When Rachel Haurwitz joined UC Berkeley biology professor Jennifer Doudna’s lab in 2007 as a graduate student, little did the two women know that the interesting bacterial immune system they were studying would be the subject of news headlines and the basis for a biotech startup just a few years later. It turned out that the bacterial immune system they were studying, known as CRISPR (clustered regularly interspaced short palindromic repeats), has a whole molecular toolkit of enzymes that are useful for various applications. Using the protein crystallography capabilities at the ALS, Doudna and her team discovered that a protein in the CRISPR pathway can be harnessed to make precise changes to DNA, which is what has launched it into news headlines as a revolutionary genome engineering tool.
“Jennifer and I realized that not only was this a really exciting piece of biology, but there were some really obvious commercial applications,” says Haurwitz. “Some of the proteins had unique capabilities to bind or modify nucleuic acids, and we saw that there were going to be a class of commercial products based on those.”
In response, Haurwitz and Doudna, who is also a Howard Hughes Medical Institute Investigator, founded a company in 2011 to develop proteins from the CRISPR pathway for various applications. They launched Caribou Biosciences through the Bay Area-based QB3 Startup in a Box program, which provided them with initial advice and support. Doudna’s lab was also awarded QB3’s Bridging the Gap award, which addresses the funding gap that exists between NIH-based traditional research funding and startup commercial funding.
After launching Caribou, Doudna and her colleagues were working at the ALS and started looking at a class of enzymes in the CRISPR system, Cas9, that showed immense promise in genetic engineering. Cas9 has since become the cornerstone technology of Caribou. The company is currently at 10 employees and plans to reach 20 by the end of 2014. Caribou’s focus is on developing Cas9 for use in the drug development, agricultural biotechnology, and industrial biosciences fields through strategic partnerships with other biotech companies.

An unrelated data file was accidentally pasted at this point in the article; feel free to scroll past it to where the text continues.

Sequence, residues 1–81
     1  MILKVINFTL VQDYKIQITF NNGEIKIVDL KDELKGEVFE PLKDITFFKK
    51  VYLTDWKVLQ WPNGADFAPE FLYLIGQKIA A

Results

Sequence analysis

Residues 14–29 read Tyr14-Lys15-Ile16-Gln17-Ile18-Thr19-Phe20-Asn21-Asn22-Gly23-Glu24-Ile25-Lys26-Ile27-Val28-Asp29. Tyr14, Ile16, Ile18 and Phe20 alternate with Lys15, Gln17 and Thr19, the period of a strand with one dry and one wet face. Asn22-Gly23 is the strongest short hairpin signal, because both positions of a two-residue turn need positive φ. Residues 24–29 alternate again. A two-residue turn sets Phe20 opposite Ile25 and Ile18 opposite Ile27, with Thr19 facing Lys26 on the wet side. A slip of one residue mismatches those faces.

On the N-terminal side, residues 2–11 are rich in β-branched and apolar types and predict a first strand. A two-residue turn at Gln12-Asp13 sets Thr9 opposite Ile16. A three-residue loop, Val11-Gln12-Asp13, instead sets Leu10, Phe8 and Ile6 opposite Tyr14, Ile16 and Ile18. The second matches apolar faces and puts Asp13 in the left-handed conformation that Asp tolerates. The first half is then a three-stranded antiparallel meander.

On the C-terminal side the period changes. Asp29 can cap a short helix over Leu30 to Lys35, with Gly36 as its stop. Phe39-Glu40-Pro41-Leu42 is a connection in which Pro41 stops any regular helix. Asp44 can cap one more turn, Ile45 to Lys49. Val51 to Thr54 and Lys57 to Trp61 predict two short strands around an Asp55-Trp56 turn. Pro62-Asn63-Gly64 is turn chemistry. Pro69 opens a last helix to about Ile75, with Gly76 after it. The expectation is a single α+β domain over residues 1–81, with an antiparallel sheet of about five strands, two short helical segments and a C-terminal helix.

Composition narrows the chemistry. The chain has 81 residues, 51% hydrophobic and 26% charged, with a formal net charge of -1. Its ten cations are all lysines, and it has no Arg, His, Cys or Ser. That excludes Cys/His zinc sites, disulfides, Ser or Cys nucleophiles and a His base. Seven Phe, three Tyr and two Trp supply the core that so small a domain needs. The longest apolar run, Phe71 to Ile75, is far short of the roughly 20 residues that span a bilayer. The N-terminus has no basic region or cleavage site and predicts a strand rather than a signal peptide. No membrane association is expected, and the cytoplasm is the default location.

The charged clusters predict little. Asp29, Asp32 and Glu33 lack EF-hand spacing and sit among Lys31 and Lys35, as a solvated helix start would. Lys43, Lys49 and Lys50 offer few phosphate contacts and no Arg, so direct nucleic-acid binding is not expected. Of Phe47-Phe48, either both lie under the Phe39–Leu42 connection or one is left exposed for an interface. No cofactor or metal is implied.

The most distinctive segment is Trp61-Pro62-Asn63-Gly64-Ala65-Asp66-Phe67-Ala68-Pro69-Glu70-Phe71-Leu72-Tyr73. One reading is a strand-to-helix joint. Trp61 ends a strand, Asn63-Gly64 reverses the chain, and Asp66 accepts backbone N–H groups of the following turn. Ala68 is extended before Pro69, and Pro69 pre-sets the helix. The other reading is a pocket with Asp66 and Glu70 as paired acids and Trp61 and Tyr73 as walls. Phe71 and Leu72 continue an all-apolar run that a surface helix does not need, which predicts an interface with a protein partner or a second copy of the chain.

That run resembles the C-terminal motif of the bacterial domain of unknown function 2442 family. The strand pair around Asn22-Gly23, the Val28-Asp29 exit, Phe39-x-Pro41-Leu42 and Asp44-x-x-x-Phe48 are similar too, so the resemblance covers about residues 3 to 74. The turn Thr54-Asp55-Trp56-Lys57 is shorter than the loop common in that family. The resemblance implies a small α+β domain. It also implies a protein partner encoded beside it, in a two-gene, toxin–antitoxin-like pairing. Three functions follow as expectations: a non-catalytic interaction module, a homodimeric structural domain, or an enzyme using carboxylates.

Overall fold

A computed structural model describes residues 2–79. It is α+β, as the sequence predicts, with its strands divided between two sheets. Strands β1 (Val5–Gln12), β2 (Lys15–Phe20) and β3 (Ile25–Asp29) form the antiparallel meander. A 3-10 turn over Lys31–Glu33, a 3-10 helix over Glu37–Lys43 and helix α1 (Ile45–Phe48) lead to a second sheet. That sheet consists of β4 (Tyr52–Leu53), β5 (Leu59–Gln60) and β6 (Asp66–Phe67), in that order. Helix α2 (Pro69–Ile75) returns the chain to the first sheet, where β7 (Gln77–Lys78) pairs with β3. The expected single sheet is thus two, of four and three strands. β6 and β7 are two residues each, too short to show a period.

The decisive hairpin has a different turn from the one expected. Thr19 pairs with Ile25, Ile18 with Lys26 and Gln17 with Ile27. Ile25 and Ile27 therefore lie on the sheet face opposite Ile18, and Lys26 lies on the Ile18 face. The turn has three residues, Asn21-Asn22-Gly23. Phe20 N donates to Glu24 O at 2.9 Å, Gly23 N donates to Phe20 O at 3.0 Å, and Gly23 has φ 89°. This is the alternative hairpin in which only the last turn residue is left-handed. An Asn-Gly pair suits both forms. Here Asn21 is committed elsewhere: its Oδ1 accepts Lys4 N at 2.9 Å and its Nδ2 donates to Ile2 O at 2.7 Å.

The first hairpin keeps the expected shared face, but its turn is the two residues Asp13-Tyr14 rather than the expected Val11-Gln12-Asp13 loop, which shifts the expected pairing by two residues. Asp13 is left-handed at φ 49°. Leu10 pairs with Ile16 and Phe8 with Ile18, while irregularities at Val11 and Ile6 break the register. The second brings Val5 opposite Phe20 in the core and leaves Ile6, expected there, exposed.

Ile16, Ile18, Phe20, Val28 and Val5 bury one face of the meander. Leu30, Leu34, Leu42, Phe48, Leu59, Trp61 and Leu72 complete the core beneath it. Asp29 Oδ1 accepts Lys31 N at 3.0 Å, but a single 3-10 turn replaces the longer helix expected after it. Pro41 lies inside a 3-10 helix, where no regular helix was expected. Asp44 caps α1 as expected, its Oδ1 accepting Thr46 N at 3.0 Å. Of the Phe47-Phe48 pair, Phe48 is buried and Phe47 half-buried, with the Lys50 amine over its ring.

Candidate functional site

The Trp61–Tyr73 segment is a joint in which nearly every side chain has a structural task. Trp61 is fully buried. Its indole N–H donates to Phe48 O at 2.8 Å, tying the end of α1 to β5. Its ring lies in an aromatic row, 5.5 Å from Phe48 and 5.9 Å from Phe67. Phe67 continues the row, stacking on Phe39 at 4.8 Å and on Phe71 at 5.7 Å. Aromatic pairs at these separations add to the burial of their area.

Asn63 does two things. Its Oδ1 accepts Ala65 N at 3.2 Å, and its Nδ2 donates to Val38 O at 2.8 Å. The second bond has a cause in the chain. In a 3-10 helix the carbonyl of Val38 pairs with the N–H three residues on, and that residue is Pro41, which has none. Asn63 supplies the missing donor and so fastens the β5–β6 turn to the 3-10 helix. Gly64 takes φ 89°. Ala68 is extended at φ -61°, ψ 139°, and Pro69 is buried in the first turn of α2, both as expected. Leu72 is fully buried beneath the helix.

“Having the ALS available to us to be able to look at the molecular structures of these proteins has been absolutely critical for Caribou,” says Doudna. “Without a molecular understanding it would be impossible to do what we do.”
Doudna is currently the chair of Caribou’s scientific advisory board, helping the company formulate its scientific goals and focus, while her cofounder Haurwitz is the company president and CEO. Both women see a lot of potential for Cas9-based technologies and some very thoughtfully coordinated partnership opportunities in their future.
“It’s been a wonderful journey for me to see this company grow from literally nothing—not a dime of funding, and a grad student who was excited to take it on—to a company of 10 people that’s growing quickly and already has generated exciting data of their own,” says Doudna. “Over the next 6 to 12 months I think we’re going to see some really exciting developments coming from Caribou.”